• @PhillipW In your example the design element actually has a functional feature in that it reflect the status of the system in a more user-friendly and engaging way, but it is functional nonetheless. – Michael Lai Oct 20 '16 at 23:08
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In their paper Studying antecedents of emotional experiences in interactive contexts Thüring and Mahlke use the terms instrumental and non-instrumental qualities to describe the features that affect user experience.

Instrumental qualities concern the experienced amount of support the system provides and the ease of its use. Features, such as the controllability of the system behavior and the effectiveness of its functionality, fall into this category. Non-instrumental qualities, on the other hand, concern the look and feel of the system. Features, such as visual aesthetics or haptic quality, belong to this class. Hence, while instrumental qualities are closely related to the usability and usefulness of a system, non-instrumental qualities result from its appeal and attractiveness.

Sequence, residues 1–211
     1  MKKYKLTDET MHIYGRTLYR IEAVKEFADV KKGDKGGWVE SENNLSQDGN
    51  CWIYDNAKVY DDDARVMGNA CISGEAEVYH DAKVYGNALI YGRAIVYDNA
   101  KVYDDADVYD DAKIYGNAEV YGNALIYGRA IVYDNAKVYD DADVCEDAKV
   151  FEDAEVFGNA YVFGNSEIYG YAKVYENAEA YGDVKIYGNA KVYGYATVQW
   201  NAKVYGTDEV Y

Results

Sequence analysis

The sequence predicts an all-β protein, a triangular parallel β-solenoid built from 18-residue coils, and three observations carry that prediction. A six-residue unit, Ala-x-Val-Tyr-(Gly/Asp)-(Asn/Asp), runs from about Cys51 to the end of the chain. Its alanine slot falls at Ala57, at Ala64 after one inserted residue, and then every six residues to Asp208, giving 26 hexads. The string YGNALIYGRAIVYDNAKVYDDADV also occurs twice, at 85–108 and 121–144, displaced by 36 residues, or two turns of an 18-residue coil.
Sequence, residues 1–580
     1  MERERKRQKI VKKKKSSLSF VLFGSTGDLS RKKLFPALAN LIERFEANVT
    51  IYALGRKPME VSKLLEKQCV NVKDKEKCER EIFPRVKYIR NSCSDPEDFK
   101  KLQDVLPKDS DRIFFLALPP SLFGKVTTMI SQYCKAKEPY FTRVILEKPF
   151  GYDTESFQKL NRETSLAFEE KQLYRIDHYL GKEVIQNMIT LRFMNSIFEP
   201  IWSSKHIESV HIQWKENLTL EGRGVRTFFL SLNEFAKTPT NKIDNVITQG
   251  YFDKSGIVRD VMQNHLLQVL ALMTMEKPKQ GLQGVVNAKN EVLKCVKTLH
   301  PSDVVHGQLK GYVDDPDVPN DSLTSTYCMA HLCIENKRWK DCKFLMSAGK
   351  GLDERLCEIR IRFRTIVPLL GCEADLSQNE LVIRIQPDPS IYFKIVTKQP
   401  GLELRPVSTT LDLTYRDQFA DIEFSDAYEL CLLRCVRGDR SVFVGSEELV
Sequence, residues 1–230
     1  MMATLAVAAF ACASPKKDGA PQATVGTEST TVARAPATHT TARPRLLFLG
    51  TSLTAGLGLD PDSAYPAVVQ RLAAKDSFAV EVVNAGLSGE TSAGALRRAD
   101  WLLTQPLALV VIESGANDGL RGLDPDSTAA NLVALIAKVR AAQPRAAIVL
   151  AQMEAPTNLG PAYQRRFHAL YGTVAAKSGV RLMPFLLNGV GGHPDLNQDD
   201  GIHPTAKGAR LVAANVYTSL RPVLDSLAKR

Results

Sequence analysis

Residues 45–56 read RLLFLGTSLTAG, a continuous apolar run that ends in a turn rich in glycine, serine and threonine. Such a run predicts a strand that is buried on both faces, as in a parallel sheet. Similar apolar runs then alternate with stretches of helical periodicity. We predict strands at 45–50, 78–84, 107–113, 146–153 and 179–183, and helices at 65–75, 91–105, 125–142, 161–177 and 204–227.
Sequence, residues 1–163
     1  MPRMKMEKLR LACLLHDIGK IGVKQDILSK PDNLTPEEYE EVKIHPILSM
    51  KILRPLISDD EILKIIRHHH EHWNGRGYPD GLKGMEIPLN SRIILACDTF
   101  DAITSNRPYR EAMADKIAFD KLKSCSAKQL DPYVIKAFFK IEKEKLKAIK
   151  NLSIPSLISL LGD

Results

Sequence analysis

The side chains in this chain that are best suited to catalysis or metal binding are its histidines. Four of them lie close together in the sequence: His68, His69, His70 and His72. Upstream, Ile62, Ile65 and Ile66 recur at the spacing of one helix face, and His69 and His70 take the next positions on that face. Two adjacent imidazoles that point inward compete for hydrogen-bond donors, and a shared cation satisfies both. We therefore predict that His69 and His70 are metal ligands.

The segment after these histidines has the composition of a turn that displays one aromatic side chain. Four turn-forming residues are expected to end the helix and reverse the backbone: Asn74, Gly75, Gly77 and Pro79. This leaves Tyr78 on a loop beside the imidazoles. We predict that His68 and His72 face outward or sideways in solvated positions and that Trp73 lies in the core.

So the elements you were asking about are called non-instrumental qualities of the web page. There could be other elements that are non-instrumental. According to Thüring and Mahlke's model of components of user experience, both instrumental and non-instrumental qualities affect the emotional reactions caused by the interaction. All three then affect how the system is seen by the user.

  • +1 for the reference and providing the term of the category of element that it falls into. I wonder if there is a more specific term for this type of UI design element though? – Michael Lai Oct 20 '16 at 8:21